SUNY Downstate researcher explores a new way to treat high cholesterol
For a decade, clinical physicians at SUNY Downstate Medical Center squirreled away data on their patients, storing facts like so many nuts and seeds, waiting for that warm spring day when seed gives way to tree.
The patients came from the neighborhoods around the Brooklyn hospital, nearly 300,000 of Brooklyn's 2.5 million residents, many of them low-income. After 10 years, the database of patients with high cholesterol levels had passed 700.
That's a lot of seeds for cellular biologist Dr. Xian-Cheng Jiang to plant – and he did. Now watch them sprout.
Using that database and a culture that encouraged digging into the pathogenesis of atherosclerosis – ailments and degradation of arteries – Jiang has developed a new way to treat high cholesterol. His treatment could potentially be easier on the body and perhaps healthier than current statin medications.
It's a development that could help the 300,000 patients around Downstate and tens of millions of people in America.
Note these facts from the federal Centers for Disease Control and Prevention:
- Nearly 74 million American adults have high levels of low-density lipoproteins – the form of cholesterol most linked to heart disease.
- High cholesterol doubles the risk of heart disease.
- Less than half the people with high LDLs get treatment for it and less than 30 percent have it under control.
But here's the conflict: Cholesterol is naturally produced in the liver, and a certain amount of it is essential for life-sustaining cell renewal. Too much and one risks a heart attack or stroke. But according to the Mayo Clinic, low cholesterol has been linked to cancer, hemorrhagic stroke, depression, anxiety and low birthweight babies.
Existing statin medications prevent the liver from manufacturing cholesterol, and side effects include inflamed or weakened muscles than can lead to kidney damage, nausea, vomiting, headaches, dizziness and gastrointestinal discomfort.
Jiang's treatment works differently. Rather than block cholesterol production in the liver, it prevents absorption of LDLs, triglycerides and phospholipids in the small intestine. That means one doesn't get cholesterol from food, but the liver still produces the cholesterol the body needs.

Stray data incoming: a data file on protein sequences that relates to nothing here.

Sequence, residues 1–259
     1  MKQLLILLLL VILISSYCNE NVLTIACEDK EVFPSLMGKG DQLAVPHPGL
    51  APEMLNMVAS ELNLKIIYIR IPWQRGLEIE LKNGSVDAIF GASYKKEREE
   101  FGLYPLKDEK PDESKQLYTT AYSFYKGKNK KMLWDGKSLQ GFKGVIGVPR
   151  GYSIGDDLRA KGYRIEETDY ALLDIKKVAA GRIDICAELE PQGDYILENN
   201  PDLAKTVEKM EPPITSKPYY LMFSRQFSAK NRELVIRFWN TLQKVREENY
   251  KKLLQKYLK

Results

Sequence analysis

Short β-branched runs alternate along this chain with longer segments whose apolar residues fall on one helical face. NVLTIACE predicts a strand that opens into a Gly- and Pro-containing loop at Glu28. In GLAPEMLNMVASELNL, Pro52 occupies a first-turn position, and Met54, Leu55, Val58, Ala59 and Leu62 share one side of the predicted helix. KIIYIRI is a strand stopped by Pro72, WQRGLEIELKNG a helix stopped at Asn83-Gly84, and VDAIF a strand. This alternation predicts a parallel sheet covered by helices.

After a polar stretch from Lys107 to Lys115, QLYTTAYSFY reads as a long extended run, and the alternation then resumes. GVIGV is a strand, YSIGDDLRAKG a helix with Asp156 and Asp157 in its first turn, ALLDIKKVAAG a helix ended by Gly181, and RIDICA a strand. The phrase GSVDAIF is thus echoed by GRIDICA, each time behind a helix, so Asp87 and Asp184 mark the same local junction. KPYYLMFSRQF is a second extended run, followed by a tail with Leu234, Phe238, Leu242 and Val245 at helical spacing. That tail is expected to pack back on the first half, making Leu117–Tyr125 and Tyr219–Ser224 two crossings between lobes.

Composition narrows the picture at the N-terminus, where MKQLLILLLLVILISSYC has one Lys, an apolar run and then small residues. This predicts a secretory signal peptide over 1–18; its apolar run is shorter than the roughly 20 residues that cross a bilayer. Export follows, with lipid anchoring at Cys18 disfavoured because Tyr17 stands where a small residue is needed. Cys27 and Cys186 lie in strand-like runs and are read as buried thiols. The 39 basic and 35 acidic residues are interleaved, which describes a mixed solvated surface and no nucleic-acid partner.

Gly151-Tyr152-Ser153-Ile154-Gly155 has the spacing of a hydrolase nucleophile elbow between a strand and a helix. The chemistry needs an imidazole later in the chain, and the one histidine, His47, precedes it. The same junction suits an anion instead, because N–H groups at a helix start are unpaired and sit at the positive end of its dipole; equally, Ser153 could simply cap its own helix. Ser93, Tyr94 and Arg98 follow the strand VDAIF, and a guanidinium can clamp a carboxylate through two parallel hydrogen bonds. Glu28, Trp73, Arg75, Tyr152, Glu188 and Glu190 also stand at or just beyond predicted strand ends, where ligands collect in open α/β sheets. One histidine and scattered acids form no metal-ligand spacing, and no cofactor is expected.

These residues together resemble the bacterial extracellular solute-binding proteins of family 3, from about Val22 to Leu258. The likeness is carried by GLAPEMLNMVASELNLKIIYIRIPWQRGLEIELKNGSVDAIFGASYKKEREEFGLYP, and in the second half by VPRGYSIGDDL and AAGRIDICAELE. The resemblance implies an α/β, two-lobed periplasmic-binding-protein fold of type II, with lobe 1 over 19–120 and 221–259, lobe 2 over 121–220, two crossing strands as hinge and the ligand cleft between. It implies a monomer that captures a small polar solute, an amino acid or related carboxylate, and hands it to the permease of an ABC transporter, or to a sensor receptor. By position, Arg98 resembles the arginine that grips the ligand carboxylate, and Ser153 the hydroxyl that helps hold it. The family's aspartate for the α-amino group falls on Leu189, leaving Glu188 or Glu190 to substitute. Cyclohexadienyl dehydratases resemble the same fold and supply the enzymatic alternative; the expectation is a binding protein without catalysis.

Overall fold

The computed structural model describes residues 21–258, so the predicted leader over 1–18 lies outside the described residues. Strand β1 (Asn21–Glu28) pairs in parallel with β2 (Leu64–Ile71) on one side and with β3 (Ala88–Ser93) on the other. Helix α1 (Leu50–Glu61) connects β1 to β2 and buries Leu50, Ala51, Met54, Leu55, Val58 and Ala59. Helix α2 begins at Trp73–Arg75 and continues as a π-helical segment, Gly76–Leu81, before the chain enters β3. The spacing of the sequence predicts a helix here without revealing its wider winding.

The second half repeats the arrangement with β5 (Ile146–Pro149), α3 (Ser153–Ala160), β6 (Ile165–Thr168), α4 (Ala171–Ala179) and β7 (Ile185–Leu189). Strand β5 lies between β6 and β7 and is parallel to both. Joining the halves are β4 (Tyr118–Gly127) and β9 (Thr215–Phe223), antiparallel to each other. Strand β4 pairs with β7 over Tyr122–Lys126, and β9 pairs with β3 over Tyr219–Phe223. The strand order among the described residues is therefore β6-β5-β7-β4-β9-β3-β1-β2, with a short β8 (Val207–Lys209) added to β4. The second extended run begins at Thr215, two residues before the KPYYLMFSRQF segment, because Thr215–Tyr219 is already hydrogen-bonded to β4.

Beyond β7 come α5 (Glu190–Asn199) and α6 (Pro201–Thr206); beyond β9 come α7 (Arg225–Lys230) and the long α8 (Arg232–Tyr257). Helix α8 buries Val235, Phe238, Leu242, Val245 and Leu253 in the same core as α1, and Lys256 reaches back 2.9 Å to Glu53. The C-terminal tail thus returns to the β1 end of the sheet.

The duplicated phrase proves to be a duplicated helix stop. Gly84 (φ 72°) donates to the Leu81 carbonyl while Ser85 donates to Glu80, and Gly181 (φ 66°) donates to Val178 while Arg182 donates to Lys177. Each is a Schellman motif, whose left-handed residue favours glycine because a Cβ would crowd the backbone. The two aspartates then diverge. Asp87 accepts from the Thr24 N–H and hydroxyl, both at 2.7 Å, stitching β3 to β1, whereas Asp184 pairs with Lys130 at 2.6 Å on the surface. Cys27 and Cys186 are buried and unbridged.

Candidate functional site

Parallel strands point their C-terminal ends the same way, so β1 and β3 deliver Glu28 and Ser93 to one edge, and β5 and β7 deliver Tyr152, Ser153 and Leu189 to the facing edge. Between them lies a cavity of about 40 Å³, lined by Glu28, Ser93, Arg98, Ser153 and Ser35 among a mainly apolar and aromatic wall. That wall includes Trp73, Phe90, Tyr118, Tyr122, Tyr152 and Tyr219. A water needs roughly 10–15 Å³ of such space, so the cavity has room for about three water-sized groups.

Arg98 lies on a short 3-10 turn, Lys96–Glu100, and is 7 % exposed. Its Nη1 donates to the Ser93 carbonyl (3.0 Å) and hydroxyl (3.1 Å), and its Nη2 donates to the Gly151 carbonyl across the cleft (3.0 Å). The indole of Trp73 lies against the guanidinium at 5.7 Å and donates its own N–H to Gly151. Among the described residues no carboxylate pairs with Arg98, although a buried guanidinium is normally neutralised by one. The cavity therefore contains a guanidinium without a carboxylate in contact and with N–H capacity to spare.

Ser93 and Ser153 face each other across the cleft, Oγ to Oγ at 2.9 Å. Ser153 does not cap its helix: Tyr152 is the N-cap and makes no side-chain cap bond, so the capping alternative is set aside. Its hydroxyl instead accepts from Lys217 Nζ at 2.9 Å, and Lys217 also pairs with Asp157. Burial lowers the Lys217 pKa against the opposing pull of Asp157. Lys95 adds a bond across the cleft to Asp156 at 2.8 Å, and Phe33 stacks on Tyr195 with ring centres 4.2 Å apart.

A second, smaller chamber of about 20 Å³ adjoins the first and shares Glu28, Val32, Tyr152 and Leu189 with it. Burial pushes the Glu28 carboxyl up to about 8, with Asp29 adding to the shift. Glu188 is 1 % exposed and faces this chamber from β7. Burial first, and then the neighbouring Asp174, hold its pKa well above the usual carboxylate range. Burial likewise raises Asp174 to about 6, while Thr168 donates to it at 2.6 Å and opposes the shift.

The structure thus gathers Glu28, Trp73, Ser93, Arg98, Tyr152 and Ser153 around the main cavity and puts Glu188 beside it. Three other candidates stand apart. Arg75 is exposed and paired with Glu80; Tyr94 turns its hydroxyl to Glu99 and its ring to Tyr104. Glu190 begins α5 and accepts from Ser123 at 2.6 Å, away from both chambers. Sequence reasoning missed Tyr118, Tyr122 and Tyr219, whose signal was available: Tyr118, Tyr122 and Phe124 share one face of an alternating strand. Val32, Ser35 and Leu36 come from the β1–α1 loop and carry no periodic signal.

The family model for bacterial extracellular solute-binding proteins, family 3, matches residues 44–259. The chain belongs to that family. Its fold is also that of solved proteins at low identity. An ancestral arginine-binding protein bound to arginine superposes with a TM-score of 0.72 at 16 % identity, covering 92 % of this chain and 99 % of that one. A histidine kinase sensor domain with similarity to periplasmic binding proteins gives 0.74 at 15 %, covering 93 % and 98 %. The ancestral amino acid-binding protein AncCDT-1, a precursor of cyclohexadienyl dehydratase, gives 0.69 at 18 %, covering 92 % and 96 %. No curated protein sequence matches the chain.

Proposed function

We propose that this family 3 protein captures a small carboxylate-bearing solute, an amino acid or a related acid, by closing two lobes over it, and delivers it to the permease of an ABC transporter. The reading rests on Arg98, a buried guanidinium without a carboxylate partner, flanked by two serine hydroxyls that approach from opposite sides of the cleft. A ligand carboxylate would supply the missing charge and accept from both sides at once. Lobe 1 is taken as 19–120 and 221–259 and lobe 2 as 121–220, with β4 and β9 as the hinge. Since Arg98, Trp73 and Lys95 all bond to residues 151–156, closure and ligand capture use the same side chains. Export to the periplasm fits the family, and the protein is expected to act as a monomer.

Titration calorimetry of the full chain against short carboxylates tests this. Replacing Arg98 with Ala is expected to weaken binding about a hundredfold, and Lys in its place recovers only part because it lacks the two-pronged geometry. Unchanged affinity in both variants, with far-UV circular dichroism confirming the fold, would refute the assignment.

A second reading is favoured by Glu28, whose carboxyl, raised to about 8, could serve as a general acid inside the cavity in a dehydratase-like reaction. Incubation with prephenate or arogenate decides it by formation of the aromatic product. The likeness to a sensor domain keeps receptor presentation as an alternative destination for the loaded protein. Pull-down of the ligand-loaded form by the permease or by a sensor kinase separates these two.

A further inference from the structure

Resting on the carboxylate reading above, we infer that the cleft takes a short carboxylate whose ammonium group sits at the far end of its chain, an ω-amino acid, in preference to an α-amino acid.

His findings, based on studies in mice, were published in July in the online edition of Gastroenterology.
“We have a really powerful database here. It's really huge,” Jiang said. “It guides us to general questions: What kind of genes cause obesity, high blood pressure and high cholesterol?”
Cholesterol is a particular problem among people who lack insurance, easy access to health care and a good education, says the CDC and National Institutes for Health. That describes Brooklyn well, where U.S. Census data show 23.4 percent of households live below the poverty level, compared with 15.5 percent nationwide. Fourteen percent lack insurance, compared with 12 percent nationwide, and only 78 percent have a high school diploma, compared with 86 percent nationwide.
“This is a critical problem here,” Jiang said. It's a core mission for SUNY Downstate, which started in 1856 as a free dispensary serving poor immigrants. “You can get a lot of junk food here. You can eat, eat, eat.”
SUNY Downstate's commitment to critical health-care issues and its environment supporting cellular biology and atherosclerosis research inspired Jiang, who has spent 25 years researching the biology of lipids in the blood.
After those decades of research, he grew curious about how the gene lysophosphatidylcholine acyltransferase 3, or LPCAT3, helped metabolize LDLs and triglycerides. Funding from the Veterans Administration and National Science Foundation helped Jiang play with the gene.
“We tried to mess it up a little bit,” he said. “Our drug can do that.”
Because the drug disrupts LPCAT3, it changes the cell membrane in the small intestine and inhibits absorption of the dangerous forms of cholesterol. But Jiang isn't sure – yet – that it's a viable option to statins. “It can mess up the cell membrane in the small intestine, but it may mess up other cell membranes, too. It's not for everybody.”
“But the bottom line is this: If we can develop a way to inhibit the small intestine solely, we can minimize the side effects,” he said.
That's for future research, and that will take time, studies and funding. So the days of getting a prescription for it from your doctor remains years away.
But it's a new mechanism to keep cholesterol in check. “LDLs are not just a marker of bad health,” Jiang said. “It's a really bad guy.”
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